In a way, what Professor Ninian Smart presents in his Gifford Lecture series, Beyond Ideology, and reflects on are the many varieties of religious and symbolic identity. He labels the ideology herein as ‘transcendental pluralism’: transcendental because the sorrows and happinesses of humans, the quest for identity in the individual and in the group, are illuminated by what lies Beyond, whether looked at from the angle of the Christian tradition or from the Eastern and Buddhist traditions.
John Rogerson’s The Bible and Criticism in Victorian Britain has a curious focus: ‘scholars who were dismissed from their posts … in those heady days before the churches decided to deal with the prophetic voices in their midst by simply ignoring them’. The author chooses two, F. D. Maurice, obliged to resign from his post at King’s College in 1853; and, drawn from a series of Gifford Lectures Rogerson gave in 1994, William Smith, expulsed from the Free Church College in 1881.
In Biblical Faith and Natural Theology, Barr sets forth a self-consciously biblical case for the legitimacy and reality of natural theology, that is, a knowledge or understanding of truths about God available to all humans via the natural order (in contrast to knowledge via “special” revelation, such as inspired religious texts). In so doing, he attacks head-on the view of Barth and those modern theologians largely influenced by him, who maintain that there is no place for natural theology in a truly Christian revelational theology.
In 2010, Patricia Churchland gave a single Gifford Lecture, “Morality and the Mammalian Brain”. This lecture provided an introductory framework, grounded in neuroendocrinology, for her book Braintrust: What Neuroscience Tells Us about Morality, released the following year. Evidence of her intent to provide a fully-orbed, naturalistic account of morality can be seen in Churchland’s bibliography which spans twenty-four pages; each chapter of the book heavily engages research in a variety of disciplines.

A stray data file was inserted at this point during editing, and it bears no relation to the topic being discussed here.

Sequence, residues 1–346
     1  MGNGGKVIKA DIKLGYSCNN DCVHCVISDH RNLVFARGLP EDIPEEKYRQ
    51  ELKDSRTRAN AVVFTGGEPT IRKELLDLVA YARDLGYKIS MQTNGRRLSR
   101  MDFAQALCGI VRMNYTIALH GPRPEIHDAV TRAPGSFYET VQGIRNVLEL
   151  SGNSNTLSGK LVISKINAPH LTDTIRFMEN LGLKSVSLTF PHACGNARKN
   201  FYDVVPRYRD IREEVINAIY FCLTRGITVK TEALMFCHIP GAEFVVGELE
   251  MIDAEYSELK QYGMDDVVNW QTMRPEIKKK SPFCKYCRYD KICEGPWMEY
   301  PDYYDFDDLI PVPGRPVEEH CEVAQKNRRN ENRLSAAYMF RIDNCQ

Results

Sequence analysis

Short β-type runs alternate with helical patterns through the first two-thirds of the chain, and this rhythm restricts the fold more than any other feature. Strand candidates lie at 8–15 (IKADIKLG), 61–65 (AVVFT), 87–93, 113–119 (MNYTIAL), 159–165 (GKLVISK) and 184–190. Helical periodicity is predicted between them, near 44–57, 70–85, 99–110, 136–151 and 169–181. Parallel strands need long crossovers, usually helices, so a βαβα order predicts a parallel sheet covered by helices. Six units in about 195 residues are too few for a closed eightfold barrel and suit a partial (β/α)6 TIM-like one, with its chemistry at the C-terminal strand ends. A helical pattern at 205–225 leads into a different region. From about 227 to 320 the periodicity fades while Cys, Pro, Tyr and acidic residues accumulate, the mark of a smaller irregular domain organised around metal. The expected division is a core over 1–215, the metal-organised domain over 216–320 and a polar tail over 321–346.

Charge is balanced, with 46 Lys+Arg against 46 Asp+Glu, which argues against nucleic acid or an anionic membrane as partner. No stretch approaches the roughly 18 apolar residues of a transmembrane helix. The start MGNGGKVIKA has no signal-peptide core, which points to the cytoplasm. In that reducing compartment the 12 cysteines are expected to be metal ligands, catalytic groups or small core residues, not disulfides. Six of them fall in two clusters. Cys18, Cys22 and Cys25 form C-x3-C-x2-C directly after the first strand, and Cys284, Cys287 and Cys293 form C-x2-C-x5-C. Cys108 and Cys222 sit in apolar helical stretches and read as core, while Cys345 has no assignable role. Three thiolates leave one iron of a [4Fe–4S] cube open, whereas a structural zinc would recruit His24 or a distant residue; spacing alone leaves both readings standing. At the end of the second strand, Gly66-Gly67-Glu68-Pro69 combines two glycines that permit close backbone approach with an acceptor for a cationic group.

These lectures were never published. That said, a manuscript entitled "Summary of Gifford Lectures" is reproduced in Niels Bohr Collected Works, vol. 10: Complementarity beyond Physics (1928-1962), ed. David Favrholdt (1999), pp. 171-181. See also vol. 4: Causality and Complementarity – Supplementary Papers.
A. J. Ayer’s small, compact and yet highly accessible work on philosophy first appeared as a series of Gifford Lectures, delivered at the University of St Andrews in 1972–3, and is perhaps most immediately comparable to Bertrand Russell’s earlier work, The Problem of Philosophy.
Part I, ‘Whatever Happened to Natural Theology?’, consists of five lectures chronicling the shift within philosophical discourse from a theistic to an atheistic perspective. In the first lecture, ‘Personal Prejudice and Natural Theology’, Professor McInerny confesses that his philosophical view is grounded by his Christian belief.
Marilyn McCord Adam’s fascinating defense and exposition of Christology, based on her Gifford lectures, offers a vision of Christ that is both biblical and philosophically rigorous.
In Foundations (1948), the first part of his two-part Gifford Lecture series entitled Christianity and Civilization delivered at the University of St Andrews, Emil Brunner attempts to justify his conviction that only Christianity is capable of furnishing the basis of a civilization which can rightly be described as human. From the outset of his work, Brunner argues that the complexity of the problem of Christian civilization forces upon us a new kind of approach that seeks to examine foundational questions.
In Foundations, Brunner attempts to work out something like a Christian philosophy of civilization dealing with some basic principles which underlie all civilization. In the second part, Specific Problems, the author then provides a Christian interpretation of some of the main features of civilized life.